Health insurance exchange debuts Tuesday
By DON DAVIS, Forum News Service ST. PAUL -- Minnesotans may begin shopping for insurance online Tuesday, as a fundamental part of a new federal health law begins. A majority of people receive health insurance via their employers and nearly all o...
By DON DAVIS, Forum News Service
ST. PAUL - Minnesotans may begin shopping for insurance online Tuesday, as a fundamental part of a new federal health law begins.
A majority of people receive health insurance via their employers and nearly all of those policies will continue as is. Those on government-subsidized health care, some small-business employees and people without insurance or who carry their own private insurance are the ones who may be attracted to government-run services known as “marketplaces” or “exchanges.”
MNsure is the Minnesota marketplace. It is a politically divisive program subject to extensive debate in the state Capitol, debate that continued as opening day neared.
Marketplaces such as MNsure are the foundation of federal health-care reform, popularly known as Obamacare.
Basically, a health-care marketplace gives people a way to compare and buy health policies on line, although the work also can be done via telephone or in person. The bulk of MNsure clients will be those who under current law would receive free or inexpensive coverage from federally funded Medical Assistance and state-subsidized MinnesotaCare.
Just 300,000 individuals not part of a government program are expected to buy policies through MNsure in the next two years. Some of them, if their income is low enough, will get federal help to reduce their premiums.
In the first couple of years, 1.3 million Minnesotans are expected to use the program. An estimated 150,000 Minnesotans are expected to get insurance their small-business employers buy through MNsure, with some companies eligible for reduced premiums.
Another 700,000 are projected to be Medical Assistance clients and 180,000 will come from MinnesotaCare.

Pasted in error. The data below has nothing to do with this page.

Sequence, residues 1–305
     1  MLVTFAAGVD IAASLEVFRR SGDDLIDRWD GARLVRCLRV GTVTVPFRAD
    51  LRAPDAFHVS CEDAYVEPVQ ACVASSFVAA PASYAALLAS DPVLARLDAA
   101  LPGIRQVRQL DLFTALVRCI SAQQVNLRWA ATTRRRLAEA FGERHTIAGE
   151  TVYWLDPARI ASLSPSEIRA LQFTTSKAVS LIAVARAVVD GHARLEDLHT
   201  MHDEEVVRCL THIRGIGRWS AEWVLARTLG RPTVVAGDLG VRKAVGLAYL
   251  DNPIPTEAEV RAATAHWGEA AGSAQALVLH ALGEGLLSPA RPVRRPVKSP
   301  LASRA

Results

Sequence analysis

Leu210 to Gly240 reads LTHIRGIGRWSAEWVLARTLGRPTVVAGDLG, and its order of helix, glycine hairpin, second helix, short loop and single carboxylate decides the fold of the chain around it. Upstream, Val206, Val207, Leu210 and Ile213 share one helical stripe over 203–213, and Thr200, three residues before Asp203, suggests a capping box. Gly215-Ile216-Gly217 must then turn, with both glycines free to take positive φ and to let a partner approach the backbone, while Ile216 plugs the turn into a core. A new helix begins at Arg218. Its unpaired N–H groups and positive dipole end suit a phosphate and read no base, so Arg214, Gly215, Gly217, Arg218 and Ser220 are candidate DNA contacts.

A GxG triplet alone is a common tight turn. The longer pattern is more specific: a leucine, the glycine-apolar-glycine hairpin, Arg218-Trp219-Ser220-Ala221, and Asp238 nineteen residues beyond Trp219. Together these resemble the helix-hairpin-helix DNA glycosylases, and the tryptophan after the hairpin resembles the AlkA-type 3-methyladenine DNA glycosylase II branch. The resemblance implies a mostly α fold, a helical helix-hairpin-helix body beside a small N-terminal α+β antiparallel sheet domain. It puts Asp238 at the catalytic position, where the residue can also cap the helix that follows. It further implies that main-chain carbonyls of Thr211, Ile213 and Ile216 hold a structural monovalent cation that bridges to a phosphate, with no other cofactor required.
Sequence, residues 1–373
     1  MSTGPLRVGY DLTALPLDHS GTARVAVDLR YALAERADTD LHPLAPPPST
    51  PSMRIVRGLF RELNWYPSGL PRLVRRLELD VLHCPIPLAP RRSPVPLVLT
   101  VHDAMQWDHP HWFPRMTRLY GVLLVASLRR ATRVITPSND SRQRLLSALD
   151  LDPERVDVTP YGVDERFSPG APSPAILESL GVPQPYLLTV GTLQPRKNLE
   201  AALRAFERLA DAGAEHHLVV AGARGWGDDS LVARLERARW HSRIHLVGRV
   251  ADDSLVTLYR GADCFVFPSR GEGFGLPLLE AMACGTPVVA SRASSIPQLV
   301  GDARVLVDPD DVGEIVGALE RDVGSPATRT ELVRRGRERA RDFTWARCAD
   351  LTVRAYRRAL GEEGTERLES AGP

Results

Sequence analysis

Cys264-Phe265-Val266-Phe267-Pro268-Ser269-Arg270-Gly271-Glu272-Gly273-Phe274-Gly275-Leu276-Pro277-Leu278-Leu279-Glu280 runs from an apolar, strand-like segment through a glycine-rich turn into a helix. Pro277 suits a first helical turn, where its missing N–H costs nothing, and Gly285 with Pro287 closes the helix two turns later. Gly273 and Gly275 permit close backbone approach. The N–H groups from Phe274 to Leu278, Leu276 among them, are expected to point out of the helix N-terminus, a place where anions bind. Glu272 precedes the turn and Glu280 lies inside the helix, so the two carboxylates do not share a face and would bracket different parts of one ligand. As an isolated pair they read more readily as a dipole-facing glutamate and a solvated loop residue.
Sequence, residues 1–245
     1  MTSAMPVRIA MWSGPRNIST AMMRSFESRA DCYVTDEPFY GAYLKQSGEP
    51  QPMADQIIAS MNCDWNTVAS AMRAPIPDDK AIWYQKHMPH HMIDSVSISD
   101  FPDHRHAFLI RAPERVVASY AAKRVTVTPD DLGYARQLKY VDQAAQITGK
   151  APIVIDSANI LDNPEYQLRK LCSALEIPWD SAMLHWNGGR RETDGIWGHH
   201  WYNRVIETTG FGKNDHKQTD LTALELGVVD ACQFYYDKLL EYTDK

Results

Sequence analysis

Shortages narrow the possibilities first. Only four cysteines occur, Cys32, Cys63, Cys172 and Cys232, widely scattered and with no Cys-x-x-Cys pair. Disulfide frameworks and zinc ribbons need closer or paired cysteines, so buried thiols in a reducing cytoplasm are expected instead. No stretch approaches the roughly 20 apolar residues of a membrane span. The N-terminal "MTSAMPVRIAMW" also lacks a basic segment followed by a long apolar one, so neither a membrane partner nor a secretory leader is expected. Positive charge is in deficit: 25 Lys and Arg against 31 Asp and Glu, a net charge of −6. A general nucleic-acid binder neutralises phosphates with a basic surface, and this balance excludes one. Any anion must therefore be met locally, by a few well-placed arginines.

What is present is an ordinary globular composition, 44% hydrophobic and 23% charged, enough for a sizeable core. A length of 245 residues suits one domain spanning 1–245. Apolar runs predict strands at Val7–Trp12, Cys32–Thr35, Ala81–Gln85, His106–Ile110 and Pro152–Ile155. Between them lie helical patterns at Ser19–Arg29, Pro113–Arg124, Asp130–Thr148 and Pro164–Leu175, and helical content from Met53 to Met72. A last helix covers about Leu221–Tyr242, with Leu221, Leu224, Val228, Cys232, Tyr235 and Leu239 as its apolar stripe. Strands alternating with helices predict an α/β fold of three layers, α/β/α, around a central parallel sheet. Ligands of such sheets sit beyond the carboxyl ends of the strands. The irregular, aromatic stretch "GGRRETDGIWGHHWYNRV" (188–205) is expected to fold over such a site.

As MNsure inched toward its launch, news reports have been peppered with controversy: a dust-up over using Paul Bunyan and Babe the Blue Ox as bumbling mascots, the agency not providing grants so minority communities could learn more about MNsure and an employee (now an ex-employee) emailing private information such as Social Security numbers of insurance brokers to an insurance agent.
Starting what amounts to a major business in a few months (the law establishing MNsure passed in March) has been a major undertaking, but agency officials say they expect the launch to go on as planned Tuesday.
There are warnings that Minnesotans should not expect perfection.
“This may not all work, and it is not because people are not working hard,” said MNsure board member Tom Forsythe, urging agency staffers to be open about potential problems. “Transparency is our friend. ... We would be better served if we had been telling everybody these things.”
Another board member, Human Services Commissioner Lucinda Jesson, agreed that there could be glitches. “We need to be realistic about expectations and celebrate the steps of progress.”
She added that “The staff are working nearly around the clock to get a secure enrollment system up and running.”
MNsure Executive Director April Todd-Malmlov said the project is so complex that it always has been considered to be at “red status,” meaning there are lots of places where things can go wrong.